It is a security never yet omitted in colonies the least remote, in local situation, from the mother country. How much more indispensable in a population to be transported from Britain to the very furthest point of the globe, at a distance more than twice as great as that of the eastern dependencies, and more than four times as great as that of the western!
In the act of founding a colony, as distinguished from an originally independent state, two parties are necessarily concerned:—the destined inhabitants of the new territory, and the legal founders of it, their accustomed rulers, from whom they derive permission to quit their mother country, and assistance towards establishing themselves in this new one. But, on the part of the founders, as thus distinguished, unless it be the accidental contribution of pecuniary assistance, what was ever understood to be done by the founding of a colony, but the conferring, on persons of certain descriptions, settled or about to settle in the territory of the colony, the necessary assortment of the powers of government? an assortment of which the power of legislation has never been suspected, I believe, of being anything less than a necessary ingredient.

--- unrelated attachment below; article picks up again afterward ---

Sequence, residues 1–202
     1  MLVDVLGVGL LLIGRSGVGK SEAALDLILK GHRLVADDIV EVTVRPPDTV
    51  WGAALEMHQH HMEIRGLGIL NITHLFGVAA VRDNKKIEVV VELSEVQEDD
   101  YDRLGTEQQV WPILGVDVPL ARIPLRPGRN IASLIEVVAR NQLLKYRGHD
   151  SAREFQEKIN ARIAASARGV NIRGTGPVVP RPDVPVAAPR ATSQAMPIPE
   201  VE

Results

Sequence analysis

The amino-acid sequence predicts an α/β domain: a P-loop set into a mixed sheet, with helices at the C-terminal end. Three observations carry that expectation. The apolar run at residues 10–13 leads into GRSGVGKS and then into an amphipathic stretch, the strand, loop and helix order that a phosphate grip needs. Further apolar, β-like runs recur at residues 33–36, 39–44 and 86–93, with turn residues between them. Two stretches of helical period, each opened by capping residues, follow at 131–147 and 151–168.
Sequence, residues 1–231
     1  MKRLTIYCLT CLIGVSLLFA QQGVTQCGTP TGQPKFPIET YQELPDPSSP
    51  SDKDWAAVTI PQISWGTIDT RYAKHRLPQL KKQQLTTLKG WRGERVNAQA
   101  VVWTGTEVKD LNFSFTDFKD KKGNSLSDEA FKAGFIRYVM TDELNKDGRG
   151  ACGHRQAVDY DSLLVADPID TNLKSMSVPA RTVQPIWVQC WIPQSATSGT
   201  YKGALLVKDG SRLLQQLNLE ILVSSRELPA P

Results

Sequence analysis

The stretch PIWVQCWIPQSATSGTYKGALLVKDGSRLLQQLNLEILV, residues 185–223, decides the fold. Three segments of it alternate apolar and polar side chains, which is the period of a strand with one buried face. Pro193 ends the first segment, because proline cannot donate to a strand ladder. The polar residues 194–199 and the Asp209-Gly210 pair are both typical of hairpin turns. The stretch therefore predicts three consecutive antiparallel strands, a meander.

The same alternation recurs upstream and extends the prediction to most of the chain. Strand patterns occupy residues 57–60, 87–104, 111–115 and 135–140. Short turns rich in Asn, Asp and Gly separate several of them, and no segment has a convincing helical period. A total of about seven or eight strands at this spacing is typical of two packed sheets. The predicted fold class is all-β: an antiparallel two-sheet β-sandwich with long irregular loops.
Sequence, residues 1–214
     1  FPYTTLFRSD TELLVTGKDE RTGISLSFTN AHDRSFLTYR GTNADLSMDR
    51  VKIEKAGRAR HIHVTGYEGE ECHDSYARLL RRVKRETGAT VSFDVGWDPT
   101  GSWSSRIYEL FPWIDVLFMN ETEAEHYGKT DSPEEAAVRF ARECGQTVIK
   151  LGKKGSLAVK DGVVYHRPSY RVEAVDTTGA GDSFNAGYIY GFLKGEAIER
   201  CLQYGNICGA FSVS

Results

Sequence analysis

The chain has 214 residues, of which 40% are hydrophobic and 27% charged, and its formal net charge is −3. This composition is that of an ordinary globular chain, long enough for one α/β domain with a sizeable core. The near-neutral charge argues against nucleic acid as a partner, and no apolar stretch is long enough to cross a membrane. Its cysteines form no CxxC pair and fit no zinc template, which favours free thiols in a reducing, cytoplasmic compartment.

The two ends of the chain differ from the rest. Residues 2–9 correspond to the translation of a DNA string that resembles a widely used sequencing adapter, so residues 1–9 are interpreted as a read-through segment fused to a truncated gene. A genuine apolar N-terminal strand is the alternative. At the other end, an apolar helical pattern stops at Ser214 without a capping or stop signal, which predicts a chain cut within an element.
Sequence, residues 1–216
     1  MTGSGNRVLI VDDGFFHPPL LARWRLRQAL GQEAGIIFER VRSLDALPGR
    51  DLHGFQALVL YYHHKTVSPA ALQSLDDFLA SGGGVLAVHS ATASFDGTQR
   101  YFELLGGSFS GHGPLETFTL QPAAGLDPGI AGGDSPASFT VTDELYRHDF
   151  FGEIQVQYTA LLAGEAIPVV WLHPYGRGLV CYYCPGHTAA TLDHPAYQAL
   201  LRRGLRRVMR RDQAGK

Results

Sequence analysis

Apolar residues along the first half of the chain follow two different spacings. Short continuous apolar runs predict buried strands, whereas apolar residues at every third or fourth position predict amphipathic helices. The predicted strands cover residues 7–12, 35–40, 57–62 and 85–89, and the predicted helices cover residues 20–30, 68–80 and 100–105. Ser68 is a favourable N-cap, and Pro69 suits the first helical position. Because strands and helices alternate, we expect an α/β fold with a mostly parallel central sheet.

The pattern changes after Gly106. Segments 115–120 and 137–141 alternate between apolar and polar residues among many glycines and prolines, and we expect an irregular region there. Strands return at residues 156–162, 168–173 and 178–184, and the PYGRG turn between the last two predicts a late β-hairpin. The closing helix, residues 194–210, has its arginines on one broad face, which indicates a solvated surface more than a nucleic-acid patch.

From one source or another—from within or from without—from intrinsic authority or from extrinsic—who ever heard of the foundation of a state, dependent or independent, without a power in it to make laws? No, surely: Lucina sine concubitu is not a more palpable absurdity, than the idea of founding a colony without providing any legislative powers for it.